On some good advice, I recently ordered and received Marjane Satrapi's 「Persepolis」 (not the version in that link though - found a "complete collection" version). The art style isn't one I'd normally like, but the faces are very expressive and the story is incredible. I started to page through it before getting back to work today, and had a very tough time putting it down (helps a bit that I paged from the middle) - I hesitate to put it this way, but it looks like it may be good on the level of Art Spiegelman's Maus.
It's kind of nice to have sore legs a lot of the time; I've been enjoying pushing myself with runs and bike rides recently. I think in the past, the practicality of the bike generally took precedence over the fun of it, and in this recent re-biking the fun is taking the lead role (although the practicality is darned nice too).
T'd'O folk have often called me 「Cowboy」 because of the large Jewish/Cowboy hat I used to wear (stopped when I started biking, still trying to figure out how to safely bring my hat with me when I bike). Today's receipt had a handwritten extension of Porto (I usually get Portabella Sandwiches + Pesto - Onions) into "Portabella Cowboy". I rather like that title. Riding through the plains, rustlin' up wild mushrooms... Sounds romantic.. and fungusy.
Having briefly looked at some of the beginning of that comic now, I find it strange that, as far as I can tell, it's mainly Disney that keeps the grandeur of the idea of monarchy alive in the United States - the idea feels generally obsolete given our history (although all the monarchial language in christianity may keep the connotations of some terms in traditional positions), and the idea of a "good monarch" divorced from the realities of monarchs. Are we more inclined to accept the basic decency of monarchs because of it? (the appeal of democracy is perhaps one of vanity, and so it's easier? Or is awe just as easy as vanity, except that in the US we don't really have the habit? I've spoken with people from countries that are monarchial, and many spoke of an admiration of strong leadership that would feel out of place from the mouth of someone raised here..). Maybe a big part of Disney's role is to re-sell us "old-world myths" from pre-consumerist times, sanitised and simplified, in order to fill our need for culture and tradition in times where we've lost our actual roots (and understanding). On one level, the idea of having us dream of being princesses or kings is odd in a democratic society that came after a republican revolution in our country's founding, but on another, republican/enlightenment ideals are hardly dramatic once established and are not easily the stuff of stories. I wonder if these stories are antithetical to the actual good - if they represent some kind of an instinctual good (maybe for Americans, we've turned our back on awe in our governmental form, even as politicians pretend to have it when being elected in a way that can't possibly carry over into reality - maybe in other systems there's some other shortcoming - maybe all these notions of instinctual emotional satisfaction with leadership contradict each other and there's no way we could be entirely fulfilled), they'll be the dramatic grass always on the other side of our fence. I've written before about Democracy's pacifying effect with regards to differences between people in society - it turns our dissatisfaction with the way things are into a dissatisfaction with ourselves - when we lose politically, it's in a system that theoretically allows for motion, and we just failed to make the right moves (to convince people? to persuade in the political arena? to get our ideas out there?). The other side of that is that it's a system that's immensely frustrating - in a monarchy where we have awe (and presumably lack the education to have sophisticated political opinions, and perhaps have the humility to realise that and to defer to those few elite who are educated and likely have ties to the regime), decisions are presumably relatively final and at the very least are not things we can impact. Consequently we can't invest ourselves in national decisions, whether we understand them or not. In times such as these in nations such as ours, political polarisation is an important (perhaps dangerous) phonomenon, but the end of political complacency and a desire to shape the nation, widespread enough, makes the tension much greater. There are political junkies like me who do their best to understand the world and might take the horns for awhile were we given power, in order to reshape society towards our notion of the public good. There are also a bunch of people stirred up who have less knowledge or who are working from a philosophy untempered by enough observation or compassion (my younger self is well described by the latter). What would happen if the majority of the population really started to care about politics? I suspect if they had similar enough ends and a clear enough understanding of how things actually work, things might become suddenly a lot better. If not, things might become very interesting - a new way for governments and then societies to fail.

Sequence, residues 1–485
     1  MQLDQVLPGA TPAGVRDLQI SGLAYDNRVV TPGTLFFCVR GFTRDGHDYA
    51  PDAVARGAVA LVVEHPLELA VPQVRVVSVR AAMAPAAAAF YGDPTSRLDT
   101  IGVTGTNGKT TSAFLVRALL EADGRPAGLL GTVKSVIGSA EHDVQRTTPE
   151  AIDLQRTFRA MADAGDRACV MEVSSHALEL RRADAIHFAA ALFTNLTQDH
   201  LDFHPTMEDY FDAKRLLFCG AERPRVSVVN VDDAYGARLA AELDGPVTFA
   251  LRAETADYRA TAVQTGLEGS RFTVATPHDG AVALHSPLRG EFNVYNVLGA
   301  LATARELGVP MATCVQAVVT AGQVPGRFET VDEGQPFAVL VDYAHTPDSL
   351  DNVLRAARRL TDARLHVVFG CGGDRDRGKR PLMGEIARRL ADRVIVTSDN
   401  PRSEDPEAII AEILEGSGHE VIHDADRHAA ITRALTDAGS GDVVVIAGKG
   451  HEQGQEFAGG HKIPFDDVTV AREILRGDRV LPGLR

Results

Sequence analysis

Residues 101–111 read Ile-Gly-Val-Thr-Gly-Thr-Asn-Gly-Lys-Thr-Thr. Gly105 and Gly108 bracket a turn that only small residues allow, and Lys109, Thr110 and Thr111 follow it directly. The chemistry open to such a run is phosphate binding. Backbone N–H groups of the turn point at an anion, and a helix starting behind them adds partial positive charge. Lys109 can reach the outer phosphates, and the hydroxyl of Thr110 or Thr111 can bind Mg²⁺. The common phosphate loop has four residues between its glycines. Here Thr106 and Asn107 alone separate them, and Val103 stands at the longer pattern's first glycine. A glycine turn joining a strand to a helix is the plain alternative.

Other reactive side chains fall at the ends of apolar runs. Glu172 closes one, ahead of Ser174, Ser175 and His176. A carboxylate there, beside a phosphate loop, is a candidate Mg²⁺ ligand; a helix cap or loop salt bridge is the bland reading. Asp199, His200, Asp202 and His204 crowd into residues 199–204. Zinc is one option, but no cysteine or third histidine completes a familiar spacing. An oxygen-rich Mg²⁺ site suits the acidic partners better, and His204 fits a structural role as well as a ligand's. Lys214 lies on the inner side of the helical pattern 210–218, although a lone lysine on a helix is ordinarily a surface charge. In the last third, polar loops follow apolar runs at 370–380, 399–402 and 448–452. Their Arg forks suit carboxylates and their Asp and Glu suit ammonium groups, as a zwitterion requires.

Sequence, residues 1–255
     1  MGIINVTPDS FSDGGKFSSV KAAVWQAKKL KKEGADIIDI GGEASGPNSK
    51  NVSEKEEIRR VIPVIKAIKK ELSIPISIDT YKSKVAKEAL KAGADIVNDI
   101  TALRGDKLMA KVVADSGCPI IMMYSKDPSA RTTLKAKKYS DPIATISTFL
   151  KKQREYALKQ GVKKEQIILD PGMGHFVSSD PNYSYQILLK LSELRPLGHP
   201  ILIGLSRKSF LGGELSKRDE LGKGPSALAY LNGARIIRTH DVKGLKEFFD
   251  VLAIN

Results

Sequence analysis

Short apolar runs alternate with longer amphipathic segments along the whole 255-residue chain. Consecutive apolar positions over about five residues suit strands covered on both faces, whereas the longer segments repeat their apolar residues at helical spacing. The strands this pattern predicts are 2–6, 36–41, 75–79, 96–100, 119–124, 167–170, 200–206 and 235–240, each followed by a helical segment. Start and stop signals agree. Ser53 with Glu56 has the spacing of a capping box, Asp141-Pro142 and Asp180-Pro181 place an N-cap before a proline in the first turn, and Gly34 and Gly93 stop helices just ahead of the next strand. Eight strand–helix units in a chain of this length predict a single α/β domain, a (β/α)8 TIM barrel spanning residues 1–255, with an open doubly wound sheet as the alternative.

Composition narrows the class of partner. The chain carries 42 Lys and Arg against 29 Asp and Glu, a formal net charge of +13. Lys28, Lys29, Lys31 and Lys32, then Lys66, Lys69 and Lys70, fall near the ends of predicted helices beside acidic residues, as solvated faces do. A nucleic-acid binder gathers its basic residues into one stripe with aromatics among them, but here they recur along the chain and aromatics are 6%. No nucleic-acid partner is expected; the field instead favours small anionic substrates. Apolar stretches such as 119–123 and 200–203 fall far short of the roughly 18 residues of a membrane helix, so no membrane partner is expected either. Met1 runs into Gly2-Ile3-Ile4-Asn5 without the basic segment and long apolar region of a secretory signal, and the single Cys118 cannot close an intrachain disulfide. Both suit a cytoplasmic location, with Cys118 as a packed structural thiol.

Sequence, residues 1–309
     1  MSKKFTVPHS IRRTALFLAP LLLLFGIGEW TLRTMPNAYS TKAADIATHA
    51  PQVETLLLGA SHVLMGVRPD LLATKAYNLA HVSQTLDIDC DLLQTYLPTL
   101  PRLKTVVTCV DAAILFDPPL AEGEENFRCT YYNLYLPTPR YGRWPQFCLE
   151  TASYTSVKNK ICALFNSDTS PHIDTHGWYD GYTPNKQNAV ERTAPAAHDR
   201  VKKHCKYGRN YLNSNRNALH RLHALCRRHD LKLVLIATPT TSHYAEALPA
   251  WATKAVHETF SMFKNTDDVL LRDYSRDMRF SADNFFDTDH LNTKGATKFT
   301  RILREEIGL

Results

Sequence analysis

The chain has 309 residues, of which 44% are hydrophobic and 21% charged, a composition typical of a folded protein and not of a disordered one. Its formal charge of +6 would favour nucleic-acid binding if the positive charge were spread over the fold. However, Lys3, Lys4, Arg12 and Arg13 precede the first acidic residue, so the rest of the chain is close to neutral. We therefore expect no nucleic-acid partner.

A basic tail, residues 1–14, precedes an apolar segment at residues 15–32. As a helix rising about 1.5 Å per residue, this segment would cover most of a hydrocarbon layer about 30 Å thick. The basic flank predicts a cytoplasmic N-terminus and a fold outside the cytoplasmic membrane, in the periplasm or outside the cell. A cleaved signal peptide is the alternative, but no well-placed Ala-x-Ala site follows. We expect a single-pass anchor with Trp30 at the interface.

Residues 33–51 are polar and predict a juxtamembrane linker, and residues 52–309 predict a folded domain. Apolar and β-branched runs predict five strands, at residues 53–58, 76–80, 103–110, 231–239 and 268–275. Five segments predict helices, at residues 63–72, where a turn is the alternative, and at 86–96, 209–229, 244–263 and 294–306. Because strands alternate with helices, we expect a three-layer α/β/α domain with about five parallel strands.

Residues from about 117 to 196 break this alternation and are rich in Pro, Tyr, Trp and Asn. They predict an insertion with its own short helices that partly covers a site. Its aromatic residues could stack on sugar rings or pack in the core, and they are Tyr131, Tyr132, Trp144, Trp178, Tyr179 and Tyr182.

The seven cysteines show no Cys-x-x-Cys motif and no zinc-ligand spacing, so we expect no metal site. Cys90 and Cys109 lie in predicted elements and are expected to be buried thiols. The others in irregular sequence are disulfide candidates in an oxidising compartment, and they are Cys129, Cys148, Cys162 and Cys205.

If you don't mind being outraged or bummed out, this may make you quake with anger.
It amuses me that I now think of CDs as being as much packaging as the boxes they come in - I am a bit sad to realise it though, because a lot of the CD covers and cases I have are rather attractive, and it's neat that the musicians (or their publishing company) put some time into making a look. Still, at best I rip them once and put them, cute booklets and fold-out sections, occasionally fantastic art, in a box with the rest of the 20% of CD cases I save, the others heading straight to the trash once their data is scooped out. I imagine there have been many cases of little art forms being lost when production or use patterns shifted. (Oh, another thing to recommend, which is also Persian-ish - in this Amazon order, 「NiyazのNine Heavens]」 - at some point I'll have to check out their predecessor band, 「Axiom of Choice」.
Apart from really liking the music, I find the tracks that are in Parsi to be really beautiful; daydream: invention of a spoken language so beautiful (not necessarly so simple, not necessarily beautiful on just a surface level, but dynamic and clever-feeling) that entire cultures adopt it for that reason alone. A language that, once heard, makes a return to what we speak now feel crude, that inspires in us a thirst to explore its complexity, that feels right wrapped around our tongues, that takes our ideas out to dance and a dinner; reminds them of what they always wanted to be.